A jaundiced view of volunteers

Giving Back – The volunteers descend on Ghana

I found a travel blog website and zoned in on Ghana and the stories of this year’s volunteer troups. The diaries and accounts read just like a book. A book I’ve read so many times. The positive attitude reigns – despite being pick pocketed in a trotro, being food poisoned at the dump of a hotel, having local groups only participate in the great programs if they are paid to join in.

Rather sadly, there is something in this jaundiced look at volunteers from rich countries working in poor countries.

The one thing that most poor countries have in abundance is cheap, unskilled labour; so it is not clear how cheap, unskilled volunteer labour from abroad is going to help.

The main benefit of volunteering programmes appears to be for the volunteer: they get a life-enriching experience. They might also return home with a lifelong interest in development issues and internationalism.

3 thoughts on “A jaundiced view of volunteers”

  1. I guess you could argue that if the cheap foreign labour, seeking life-enriching experiences, weren’t there, the schools (or whatever) wouldn’t get built. Of course it would be preferable for schools to be built using local labour, but, you could argue, that isn’t happening nor going to happen. The interesting question is whether the presence of these volunteers keeps things this way – whether, if the volunteers stopped coming, the local government would start building schools itself. The dependency debate, with which I’m sure you are familiar. Beats me.

    How could volunteer organisations, and aid agencies, distinguish between situations where if they weren’t there, ‘it’ wouldn’t happen, and situations where their presence is impeding self-reliance? I suppose it’s just a matter of judgment, of evaluating institutional capacity and such like. I’d be interested to know if, and how many, charities and aid organisations attempt to allocate their efforts with that in mind.

  2. Some of the British, American and other countries’ unskilled, inexperienced volunteers who flocked out to Ethiopia to help in the relief effort during the famine of 1984-86 caused much more trouble than they were worth. Some tried to impose their own countries’ standards and values on a society to which they were utterly irrelevant; in many cases they brought with them “relief supplies” that were worse than useless in Ethiopian circumstances; some demanded resources (transport, food, tents, medical supplies, etc.) from the Ethiopian authorities or other ngo’s which would have been far more productive in more experienced hands; all of them imposed a bureaucratic burden on the Ethiopian bureaucracy which it was scarcely able to bear; several stirred up distracting controversies over local practices which they couldn’t understand; and some appeared to make no contribution at all to the overall relief effort, exclusively preoccupied with their own security, shelter and food. All of them came out of the highest motives and all were making a real sacrifice of their own comfort and money, but they were a real menace. The Ethiopians dared not refuse them entry into the country for fear of the negative reaction in the western media if they did. For the same reason they didn’t feel able to chuck them out, except in the most extreme cases of unacceptable behaviour. The established relief organisations — Oxfam, Save the Children, Christian Aid, Cafod, the Red Cross, War on Want, etc. etc. — by contrast brought absolutely indispensable skills, experience and relevant resources to the relief effort. Of course humanitarian relief aid attracts many more enthusiastic amateurs and naive do-gooders than more humdrum development aid, but much the same factors tend to be at work in both.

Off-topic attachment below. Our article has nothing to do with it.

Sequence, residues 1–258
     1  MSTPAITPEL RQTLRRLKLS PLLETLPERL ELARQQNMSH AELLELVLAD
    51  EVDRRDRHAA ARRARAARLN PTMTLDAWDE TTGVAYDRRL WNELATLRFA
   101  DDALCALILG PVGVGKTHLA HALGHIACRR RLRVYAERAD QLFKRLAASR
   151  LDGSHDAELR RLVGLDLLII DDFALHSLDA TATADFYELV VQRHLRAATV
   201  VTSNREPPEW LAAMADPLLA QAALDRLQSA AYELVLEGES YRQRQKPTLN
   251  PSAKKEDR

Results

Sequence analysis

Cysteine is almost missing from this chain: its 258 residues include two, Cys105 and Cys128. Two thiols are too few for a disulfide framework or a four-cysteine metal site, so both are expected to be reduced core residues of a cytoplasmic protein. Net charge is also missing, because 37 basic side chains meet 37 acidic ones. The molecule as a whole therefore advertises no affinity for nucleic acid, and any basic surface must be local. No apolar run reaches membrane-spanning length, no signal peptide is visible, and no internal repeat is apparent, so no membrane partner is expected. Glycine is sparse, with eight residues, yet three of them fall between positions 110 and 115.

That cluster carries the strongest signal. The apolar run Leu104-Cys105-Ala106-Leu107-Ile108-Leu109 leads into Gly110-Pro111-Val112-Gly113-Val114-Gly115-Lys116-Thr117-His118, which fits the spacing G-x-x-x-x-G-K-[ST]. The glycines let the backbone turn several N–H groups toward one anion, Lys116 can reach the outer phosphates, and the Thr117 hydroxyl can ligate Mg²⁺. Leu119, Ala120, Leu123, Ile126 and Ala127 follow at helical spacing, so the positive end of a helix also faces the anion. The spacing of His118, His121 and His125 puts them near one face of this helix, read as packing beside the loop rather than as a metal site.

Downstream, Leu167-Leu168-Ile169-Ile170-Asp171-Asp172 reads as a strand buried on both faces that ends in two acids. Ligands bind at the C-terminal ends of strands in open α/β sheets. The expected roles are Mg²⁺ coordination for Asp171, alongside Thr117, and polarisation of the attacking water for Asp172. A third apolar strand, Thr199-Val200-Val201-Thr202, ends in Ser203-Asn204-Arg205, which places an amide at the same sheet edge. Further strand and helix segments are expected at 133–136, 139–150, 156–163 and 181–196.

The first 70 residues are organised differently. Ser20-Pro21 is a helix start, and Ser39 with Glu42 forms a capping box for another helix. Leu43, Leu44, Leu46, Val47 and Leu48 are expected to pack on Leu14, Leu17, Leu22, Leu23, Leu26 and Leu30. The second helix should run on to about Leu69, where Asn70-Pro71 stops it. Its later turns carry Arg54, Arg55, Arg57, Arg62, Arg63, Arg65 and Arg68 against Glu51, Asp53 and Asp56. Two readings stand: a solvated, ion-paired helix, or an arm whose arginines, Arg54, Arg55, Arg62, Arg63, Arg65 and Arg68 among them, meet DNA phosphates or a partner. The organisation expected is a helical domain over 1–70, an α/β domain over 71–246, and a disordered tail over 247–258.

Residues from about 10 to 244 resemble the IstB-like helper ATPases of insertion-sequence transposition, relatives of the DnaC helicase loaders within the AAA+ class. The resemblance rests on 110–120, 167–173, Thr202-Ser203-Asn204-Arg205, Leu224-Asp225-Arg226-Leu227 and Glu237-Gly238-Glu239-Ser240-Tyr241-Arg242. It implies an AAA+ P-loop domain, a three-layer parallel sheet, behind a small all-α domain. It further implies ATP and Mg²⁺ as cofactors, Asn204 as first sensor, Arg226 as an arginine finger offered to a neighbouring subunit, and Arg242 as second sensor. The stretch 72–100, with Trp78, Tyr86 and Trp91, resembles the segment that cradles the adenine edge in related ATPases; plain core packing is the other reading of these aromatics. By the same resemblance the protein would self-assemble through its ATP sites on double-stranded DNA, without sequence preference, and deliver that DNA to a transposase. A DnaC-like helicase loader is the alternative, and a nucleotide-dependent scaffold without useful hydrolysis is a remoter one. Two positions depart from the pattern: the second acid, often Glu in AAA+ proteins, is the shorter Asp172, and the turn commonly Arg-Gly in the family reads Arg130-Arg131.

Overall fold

3. Perhaps the “lifelong interest in development issues” is worth the cost of such volunteer programme and we should see them as development education opportunities. I imagine that’s the reason for the increased interest by DFID in supporting volunteers – as seen in today’s announcement on the DFID website of support to volunteering among diaspora groups – http://www.dfid.gov.uk/news/files/diaspora-volunteers.asp.

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